Hi all,

     Posting  to this list  puts me in the class of being "Out Of My  
League."   I'm one of those 68  years old guys that hears a classical  
work  and wonders if my kids will ever hear  and enjoy the many   
compositions I enjoy and own. Many  times I hear a composition and  
forget the name of  what I'm listening to; I can follow  every note  
in my mind  but that is no consolation.

   The following will be bullet thoughts aimed at the original  
posting. Reply if you wish.

     1952,  I lived next to the sister's convent at St. Augustine's  
Catholic  church in Milwaukee, I was in 4'th grade. Sister Mary  
Sarita told my mom  that the school needed a clarinet player in the  
grade  school orchestra. The music lessons would cost $1 a week--  
case closed as nobody crossed a SSND , check out the Blues Brothers  

   I learned  not only to play a clarinet but to enjoy music. Most of  
my friends  were in the band or orchestra and it  was fun.

   While in high school,  I  kept up my interest in music  by  
recording  local bands on  my Ampex.   Kids  interested in music   
were abound and willing to let  anyone record them that wanted to.  A  
good friend of mine who I addicted to audio followed his dream . He  
ended up buying RCA's  Chicago studio  and now has a mastering studio  
in Nashville.

   Flash forward. How  many kids play an instrument  in a high school  
band  or orchestra nowadays?-- that doesn't run on 110 vac?

   I'm beginning to appreciate music  that isn't on a master tape or  
LP  but contains the musical genius that I feel is not in todays  
musical generation. I regret  that I don't have the time or  
opportunity  to find or listen to it.

     FWIW, I visit my family in Milwaukee  a few times each year.  
Downtown Books is listed in the phone book but not under Vinyl. They  
buy book collections from the kids of the blue bloods  that die off  
in the midwest.  The vinyl collections go along for the ride as  
their  kids are in the digital age. The first time I visited them and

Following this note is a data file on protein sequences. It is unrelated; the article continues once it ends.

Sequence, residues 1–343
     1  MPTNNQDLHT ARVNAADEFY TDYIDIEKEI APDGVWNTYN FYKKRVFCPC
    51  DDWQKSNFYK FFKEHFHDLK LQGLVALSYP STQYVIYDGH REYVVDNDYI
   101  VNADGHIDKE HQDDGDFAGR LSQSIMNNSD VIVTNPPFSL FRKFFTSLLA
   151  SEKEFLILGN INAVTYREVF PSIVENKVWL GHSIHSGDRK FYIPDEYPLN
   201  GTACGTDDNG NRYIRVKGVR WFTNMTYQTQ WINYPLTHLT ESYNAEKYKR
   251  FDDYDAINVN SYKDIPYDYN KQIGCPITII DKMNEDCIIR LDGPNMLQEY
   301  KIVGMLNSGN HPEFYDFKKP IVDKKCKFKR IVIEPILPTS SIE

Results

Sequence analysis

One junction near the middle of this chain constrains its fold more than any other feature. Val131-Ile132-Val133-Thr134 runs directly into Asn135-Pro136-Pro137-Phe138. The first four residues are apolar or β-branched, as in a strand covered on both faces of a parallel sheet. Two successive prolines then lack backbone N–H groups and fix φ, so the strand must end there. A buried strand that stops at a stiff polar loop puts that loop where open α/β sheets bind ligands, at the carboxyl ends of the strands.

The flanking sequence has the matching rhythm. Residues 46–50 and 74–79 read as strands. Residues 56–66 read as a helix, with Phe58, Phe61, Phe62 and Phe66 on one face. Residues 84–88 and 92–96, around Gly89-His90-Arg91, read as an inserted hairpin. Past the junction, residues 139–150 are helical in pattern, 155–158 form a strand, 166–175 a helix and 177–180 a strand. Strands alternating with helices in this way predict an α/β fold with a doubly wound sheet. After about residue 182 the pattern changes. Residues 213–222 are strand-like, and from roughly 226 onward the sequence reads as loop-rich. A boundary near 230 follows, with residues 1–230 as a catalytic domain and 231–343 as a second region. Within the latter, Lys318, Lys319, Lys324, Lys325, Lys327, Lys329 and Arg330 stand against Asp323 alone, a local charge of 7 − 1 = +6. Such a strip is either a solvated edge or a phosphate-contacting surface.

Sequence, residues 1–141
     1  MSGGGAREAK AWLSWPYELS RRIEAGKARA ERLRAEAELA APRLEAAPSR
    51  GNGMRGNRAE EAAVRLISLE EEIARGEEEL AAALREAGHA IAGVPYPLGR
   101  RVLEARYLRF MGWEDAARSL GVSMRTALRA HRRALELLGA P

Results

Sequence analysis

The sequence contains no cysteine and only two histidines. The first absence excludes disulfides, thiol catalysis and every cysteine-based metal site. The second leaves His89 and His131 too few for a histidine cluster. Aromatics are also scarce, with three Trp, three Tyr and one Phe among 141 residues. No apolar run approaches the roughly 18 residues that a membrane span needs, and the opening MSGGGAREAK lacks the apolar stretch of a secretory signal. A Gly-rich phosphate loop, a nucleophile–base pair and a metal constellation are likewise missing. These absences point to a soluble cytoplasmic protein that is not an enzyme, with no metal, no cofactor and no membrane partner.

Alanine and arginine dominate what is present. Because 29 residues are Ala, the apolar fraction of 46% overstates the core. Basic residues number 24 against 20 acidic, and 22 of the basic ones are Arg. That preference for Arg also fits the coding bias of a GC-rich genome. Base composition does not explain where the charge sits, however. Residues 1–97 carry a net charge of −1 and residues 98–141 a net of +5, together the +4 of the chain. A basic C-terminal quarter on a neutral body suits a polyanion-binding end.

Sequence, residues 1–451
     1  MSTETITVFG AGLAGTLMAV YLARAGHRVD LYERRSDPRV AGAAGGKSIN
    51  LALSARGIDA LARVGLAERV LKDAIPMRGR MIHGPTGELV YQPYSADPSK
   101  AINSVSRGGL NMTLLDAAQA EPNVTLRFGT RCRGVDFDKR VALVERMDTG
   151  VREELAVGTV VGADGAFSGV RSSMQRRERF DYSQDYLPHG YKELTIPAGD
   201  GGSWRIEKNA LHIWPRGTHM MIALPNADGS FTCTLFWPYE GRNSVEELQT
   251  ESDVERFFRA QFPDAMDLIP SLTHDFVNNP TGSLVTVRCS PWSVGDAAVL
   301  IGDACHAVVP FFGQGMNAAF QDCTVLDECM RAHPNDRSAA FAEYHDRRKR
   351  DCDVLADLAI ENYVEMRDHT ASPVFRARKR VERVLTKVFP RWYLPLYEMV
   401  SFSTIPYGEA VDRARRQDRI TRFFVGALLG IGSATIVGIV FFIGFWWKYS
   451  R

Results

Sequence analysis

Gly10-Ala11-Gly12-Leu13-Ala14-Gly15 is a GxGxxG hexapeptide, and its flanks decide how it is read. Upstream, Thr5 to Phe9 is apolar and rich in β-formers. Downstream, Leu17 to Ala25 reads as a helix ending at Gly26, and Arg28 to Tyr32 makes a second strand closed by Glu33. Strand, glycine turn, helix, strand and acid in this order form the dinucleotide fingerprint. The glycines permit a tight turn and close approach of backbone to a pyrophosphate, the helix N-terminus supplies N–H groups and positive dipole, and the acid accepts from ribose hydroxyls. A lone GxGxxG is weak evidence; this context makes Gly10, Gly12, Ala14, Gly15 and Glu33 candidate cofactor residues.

walked into the vinyl room and felt as if I was a  wolf  that just  
caught his lunch and looked around to see if another wolf  was  
looking to steal it; visit  them if you can. Each time I visit  
Milwaukee I  send a crate that holds 880 LPs  to the Fed Ex terminal.  
I rent a PT Cruiser  that holds the crate perfectly. Their  selection  
is fantastic.

   To sum it up; The Government copyright laws are doing  what  
society is doing  just as efficiently. Play an Ipod and not an  
instrument. If you do  choose to play an instrument it  better run on  
110 VAC.
   What type of responses would the original posting get in another  
ten years?

   Here I sit with great analog recording gear and skill, admittedly  
in the learning  stage, and nobody to record. I remember George  
Goeble who said, "I feel like a tuxedo  with a pair of brown shoes"

   Gldnears made a recording a few days ago. I sure  would like to  
hear it  If he or I wouldn't  violate the copyright laws.

  Time  to sign off  as Sue has supper ready.  Ken

On Aug 28, 2010, at 4:55 PM, Karl Miller wrote:

> When all is said and done, future generations of media historians  
> and media archaeologists may depend almost entirely on what was at  
> the time unauthorized copies and duplications made by enthusiasts  
> that used whatever tools they could to preserve.